It's normal that one would choose to have sex with someone that they found sexually attractive, and having an orgasm during, or as the finale of sex with that someone would be a desirable outcome normally, right? But some women feel that they are arming the enemy, who is also their sexual partner (I use the word partner instead of men because I don't know for sure that this does not occur with lesbians, although I doubt that it does), when they allow their partners to know they enjoy the pleasures given them, and an ejaculating orgasm would logically be the most convincing and undeniable expression of that temporary joy possible. And while in reality that "squirting" event doesn't provide any firepower for the enemy, it may swell the enemy's pride a bit.

Technically, female ejaculate does provide a social counterclaim to a defamatory accusation levied by a "squirter" upon a sexual partner, regarding the partner's disappointing bedroom expertise. A valid "squirt" counterclaim can only be made by someone who is moderately to very paranoid about their social status, has plenty of nerve, and enough craftiness to successfully conduct a "Lewinsky" operation and remain undetected, with the evidence safely stored in an undisclosed location.

By serenesurface — On Jan 01, 2014

I found out recently that I can ejaculate and it was certainly a shock. I too hadn't heard of it before and I also thought that I was urinating at first. I'm not sure what I think about female ejaculation. It is certainly messy and sometimes, very inconvenient to experience. At the same time, I do enjoy it. It's a feeling of relief and gratification that is different from orgasm.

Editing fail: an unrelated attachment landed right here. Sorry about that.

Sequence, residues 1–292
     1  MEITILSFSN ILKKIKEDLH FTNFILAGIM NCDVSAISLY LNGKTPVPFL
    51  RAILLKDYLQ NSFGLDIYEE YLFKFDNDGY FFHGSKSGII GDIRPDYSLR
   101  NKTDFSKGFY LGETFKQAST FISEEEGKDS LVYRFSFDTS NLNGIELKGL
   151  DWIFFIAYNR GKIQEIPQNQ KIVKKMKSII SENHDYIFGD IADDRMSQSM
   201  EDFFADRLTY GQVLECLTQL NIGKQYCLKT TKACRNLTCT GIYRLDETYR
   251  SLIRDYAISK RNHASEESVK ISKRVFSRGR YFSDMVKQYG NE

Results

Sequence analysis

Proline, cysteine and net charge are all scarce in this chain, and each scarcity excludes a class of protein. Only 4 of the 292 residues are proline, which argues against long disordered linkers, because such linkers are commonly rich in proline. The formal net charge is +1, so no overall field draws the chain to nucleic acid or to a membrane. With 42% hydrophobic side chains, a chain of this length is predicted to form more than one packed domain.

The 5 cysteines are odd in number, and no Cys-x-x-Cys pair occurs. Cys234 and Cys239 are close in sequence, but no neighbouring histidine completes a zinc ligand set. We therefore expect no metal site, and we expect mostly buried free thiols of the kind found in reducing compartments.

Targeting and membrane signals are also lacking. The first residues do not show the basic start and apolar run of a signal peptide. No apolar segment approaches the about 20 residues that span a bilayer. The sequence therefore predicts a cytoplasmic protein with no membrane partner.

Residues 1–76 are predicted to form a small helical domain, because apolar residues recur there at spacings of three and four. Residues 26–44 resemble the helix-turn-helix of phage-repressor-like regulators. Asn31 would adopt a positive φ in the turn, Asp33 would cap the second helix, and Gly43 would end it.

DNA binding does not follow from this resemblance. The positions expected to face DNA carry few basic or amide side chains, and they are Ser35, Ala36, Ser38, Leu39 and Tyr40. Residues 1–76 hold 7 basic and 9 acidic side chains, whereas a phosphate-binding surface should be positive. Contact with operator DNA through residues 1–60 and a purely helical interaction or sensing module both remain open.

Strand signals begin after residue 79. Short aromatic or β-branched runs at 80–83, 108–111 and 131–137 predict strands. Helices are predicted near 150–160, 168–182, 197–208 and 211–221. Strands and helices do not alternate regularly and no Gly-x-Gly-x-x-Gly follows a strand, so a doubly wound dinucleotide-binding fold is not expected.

If a woman doesn't ejaculate and is happy with her sexual life, I don't think that she needs to pursue female ejaculation. I agree with the article that it's not necessary for pleasure and a great sexual life. It just happens to some people and doesn't happen to others.

By bluedolphin — On Dec 31, 2013

@SarahGen-- It happens to me and I don't like it. The first time it happened, I thought that I was urinating. It was embarrassing and messy. I'm actually thinking about seeing a doctor about it. I want to learn how to control it and prevent. I know that some women want to experience female ejaculation and are trying to learn. If it's something that can be learned, I think I could learn to stop it.

By SarahGen — On Dec 31, 2013

I have never heard of this before and it has never happened to me. Are there any ladies here who have experienced this? What is your opinion on it?

Tricia Christensen
Tricia Christensen
With a Literature degree from Sonoma State University and years of experience as a The Health Board contributor, Tricia...
Learn more